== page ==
THE OLD OPERATING THEATRE MUSEUM
9A St Thomas Street
Parts of this museum are not for the squeamish and access at present is limited to those who can climb a rather steep 52 steps up a spiral staircase, but the insight offered into the worlds of medicine and surgery during the Regency and Victorian eras by this unique and little known place is not to be missed. In addition to an extensive collection of medical accoutrements it houses what is considered Europe’s oldest surviving operating theatre.
St. Thomas is one of the oldest hospitals in London. It was established in Southwark, a part of London considered a den of immorality and criminal elements at the time. Thomas Cromwell pronounced it the bawdy hospital of Southwark when he visited it in 1535. It was originally set up as a hospital for unwed mothers and by the time Cromwell visited it was known for its treatment of those who suffered with venereal diseases. The hospital’s manager, Richard Mabbott is said to have kept a concubine and to have sold the church plate. At least they picked a manager who would fit in.
The hospital was moved a number of times over the years, but the clientele changed very little. St. Thomas’s Hospital was dedicated to serving the poor, those with venereal diseases, and a fair share of lunatics. Between 1693 and 1709 the hospital was rebuilt through the efforts of the hospital board president, Robert Clayton, and his friend, Thomas Guy, who founded Guy’s Hospital next door. The medieval church around which the original hospital was built was demolished and replaced with the church which now houses the museum.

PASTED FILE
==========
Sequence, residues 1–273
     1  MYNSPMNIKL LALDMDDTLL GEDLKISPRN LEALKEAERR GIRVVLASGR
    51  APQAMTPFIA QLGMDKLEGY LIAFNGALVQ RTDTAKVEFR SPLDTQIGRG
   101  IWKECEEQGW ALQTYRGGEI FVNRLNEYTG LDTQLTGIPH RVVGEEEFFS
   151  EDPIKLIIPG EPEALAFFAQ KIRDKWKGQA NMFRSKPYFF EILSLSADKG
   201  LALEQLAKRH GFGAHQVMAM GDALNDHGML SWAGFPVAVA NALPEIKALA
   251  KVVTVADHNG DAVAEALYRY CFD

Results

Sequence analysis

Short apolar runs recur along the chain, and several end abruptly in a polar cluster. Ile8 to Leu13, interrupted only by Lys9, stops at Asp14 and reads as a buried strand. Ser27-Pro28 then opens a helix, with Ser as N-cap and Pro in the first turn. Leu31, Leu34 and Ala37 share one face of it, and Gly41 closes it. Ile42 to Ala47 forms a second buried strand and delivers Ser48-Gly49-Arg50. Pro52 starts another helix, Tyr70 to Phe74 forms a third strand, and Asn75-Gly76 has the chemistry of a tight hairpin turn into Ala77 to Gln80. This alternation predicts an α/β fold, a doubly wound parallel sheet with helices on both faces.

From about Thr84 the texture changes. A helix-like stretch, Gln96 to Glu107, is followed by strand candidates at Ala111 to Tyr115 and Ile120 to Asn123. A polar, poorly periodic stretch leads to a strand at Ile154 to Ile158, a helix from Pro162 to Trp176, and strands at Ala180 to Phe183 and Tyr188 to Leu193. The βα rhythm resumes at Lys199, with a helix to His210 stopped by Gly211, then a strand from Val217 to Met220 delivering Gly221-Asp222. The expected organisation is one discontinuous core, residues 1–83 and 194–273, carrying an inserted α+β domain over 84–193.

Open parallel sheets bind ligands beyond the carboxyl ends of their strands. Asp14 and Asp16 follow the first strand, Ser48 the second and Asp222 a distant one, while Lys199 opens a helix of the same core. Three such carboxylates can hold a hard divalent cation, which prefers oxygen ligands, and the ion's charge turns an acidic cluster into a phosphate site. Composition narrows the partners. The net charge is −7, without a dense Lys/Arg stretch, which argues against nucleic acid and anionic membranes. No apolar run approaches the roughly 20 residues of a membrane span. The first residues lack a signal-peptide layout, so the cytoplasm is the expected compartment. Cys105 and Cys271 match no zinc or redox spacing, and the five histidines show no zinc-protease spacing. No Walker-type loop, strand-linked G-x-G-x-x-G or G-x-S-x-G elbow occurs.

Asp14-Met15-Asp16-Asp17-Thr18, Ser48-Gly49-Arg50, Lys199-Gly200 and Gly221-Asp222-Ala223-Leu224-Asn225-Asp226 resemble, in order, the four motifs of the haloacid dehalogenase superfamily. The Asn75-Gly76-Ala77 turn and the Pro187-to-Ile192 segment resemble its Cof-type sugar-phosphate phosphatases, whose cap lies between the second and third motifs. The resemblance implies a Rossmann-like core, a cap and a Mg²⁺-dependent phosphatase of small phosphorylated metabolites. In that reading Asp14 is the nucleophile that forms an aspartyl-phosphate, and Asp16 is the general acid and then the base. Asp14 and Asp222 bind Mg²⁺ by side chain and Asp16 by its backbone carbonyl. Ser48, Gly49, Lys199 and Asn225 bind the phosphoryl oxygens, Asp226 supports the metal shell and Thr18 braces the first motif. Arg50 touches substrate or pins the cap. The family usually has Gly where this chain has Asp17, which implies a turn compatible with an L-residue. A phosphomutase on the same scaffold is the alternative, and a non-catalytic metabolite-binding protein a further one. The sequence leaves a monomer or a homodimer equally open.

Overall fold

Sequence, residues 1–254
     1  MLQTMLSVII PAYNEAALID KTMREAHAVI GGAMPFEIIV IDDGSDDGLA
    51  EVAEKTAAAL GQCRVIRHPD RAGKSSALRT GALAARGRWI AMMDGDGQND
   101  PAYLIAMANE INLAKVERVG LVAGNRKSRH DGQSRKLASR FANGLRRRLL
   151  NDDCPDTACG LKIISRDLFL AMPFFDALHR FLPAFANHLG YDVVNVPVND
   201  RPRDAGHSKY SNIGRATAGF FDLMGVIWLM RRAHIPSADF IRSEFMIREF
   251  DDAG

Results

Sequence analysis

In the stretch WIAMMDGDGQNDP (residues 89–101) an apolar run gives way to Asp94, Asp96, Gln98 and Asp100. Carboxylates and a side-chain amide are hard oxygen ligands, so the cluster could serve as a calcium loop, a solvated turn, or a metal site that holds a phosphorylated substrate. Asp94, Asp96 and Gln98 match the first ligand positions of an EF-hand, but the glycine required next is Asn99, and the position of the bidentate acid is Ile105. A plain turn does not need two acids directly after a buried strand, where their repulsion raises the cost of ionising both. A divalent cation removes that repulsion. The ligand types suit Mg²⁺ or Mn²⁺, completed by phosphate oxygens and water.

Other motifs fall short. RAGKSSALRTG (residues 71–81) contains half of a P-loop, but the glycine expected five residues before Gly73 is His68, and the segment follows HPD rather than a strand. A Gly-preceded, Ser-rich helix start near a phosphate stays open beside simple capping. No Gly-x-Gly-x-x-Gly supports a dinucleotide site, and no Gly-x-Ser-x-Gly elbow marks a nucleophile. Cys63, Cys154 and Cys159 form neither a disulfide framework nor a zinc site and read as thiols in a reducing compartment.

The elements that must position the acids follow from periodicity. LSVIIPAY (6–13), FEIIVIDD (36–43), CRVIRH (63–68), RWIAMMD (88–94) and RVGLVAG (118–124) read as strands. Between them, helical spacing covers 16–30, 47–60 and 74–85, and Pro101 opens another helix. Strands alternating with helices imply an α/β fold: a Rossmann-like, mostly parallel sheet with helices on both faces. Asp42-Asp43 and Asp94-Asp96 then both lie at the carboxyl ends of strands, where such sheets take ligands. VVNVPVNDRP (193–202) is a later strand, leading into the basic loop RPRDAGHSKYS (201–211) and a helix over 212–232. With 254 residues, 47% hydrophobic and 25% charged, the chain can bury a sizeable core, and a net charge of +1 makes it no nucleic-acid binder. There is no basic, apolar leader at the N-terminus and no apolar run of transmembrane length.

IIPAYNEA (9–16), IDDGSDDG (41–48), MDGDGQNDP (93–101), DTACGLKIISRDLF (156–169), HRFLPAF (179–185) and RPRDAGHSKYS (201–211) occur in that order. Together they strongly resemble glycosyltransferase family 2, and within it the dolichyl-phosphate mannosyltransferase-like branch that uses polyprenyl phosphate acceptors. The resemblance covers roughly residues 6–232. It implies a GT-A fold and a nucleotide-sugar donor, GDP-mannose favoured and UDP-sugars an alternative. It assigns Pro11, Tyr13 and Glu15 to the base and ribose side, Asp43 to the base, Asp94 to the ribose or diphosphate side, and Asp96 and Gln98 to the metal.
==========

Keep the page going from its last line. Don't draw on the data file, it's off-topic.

In 1751 the male operating theatre was added to the hospital. It was housed in the top floor to give it better access to daylight. The female operating theatre, the one which is the centerpiece of today’s museum, was installed in 1821. Eventually the hospital moved on to better quarters, after a period of time using the buildings of the zoological gardens in Lambeth, but the original operating theatre and the herb garret were rediscovered during renovations of the church building in 1962.
The operating theatre is as it would have appeared in the early to mid-nineteenth century, complete with the viewing areas used to teach medical students. The rest of the museum is an amazing exhibit of medical instruments, medical specimens as they would have been housed during this era, and the contents of the herb garret and pharmacy where the medicines of the day were dried and prepared.
The museum features period mock surgeries and surgical lectures on Saturdays at 2:00 PM and weekly lectures on the preparation of medicines and the Regency and Victorian era pharmacy. Their educational programs, lectures, and walks are listed on the website and frankly if I had endless time I would attend each and every one. Check out the list here :
The museum has a blog which is a treasure trove of information on the history of medicine as it was practiced at St. Thomas and other hospitals of the Georgian and Victorian eras.
Anyone with an interest in the earliest surgeries of the “modern” era, the creation of medicines from herbs, and some of the odd and frankly frightening ways medicine was practiced prior to the twentieth century should avail themselves of the incredible resource that is The Old Operating Theatre Museum and Herb Garret.
Check out their website, but be prepared to spend some time pouring over this brilliant online presence of a real gem of a museum! Definitely adding this one to the UK bucket list!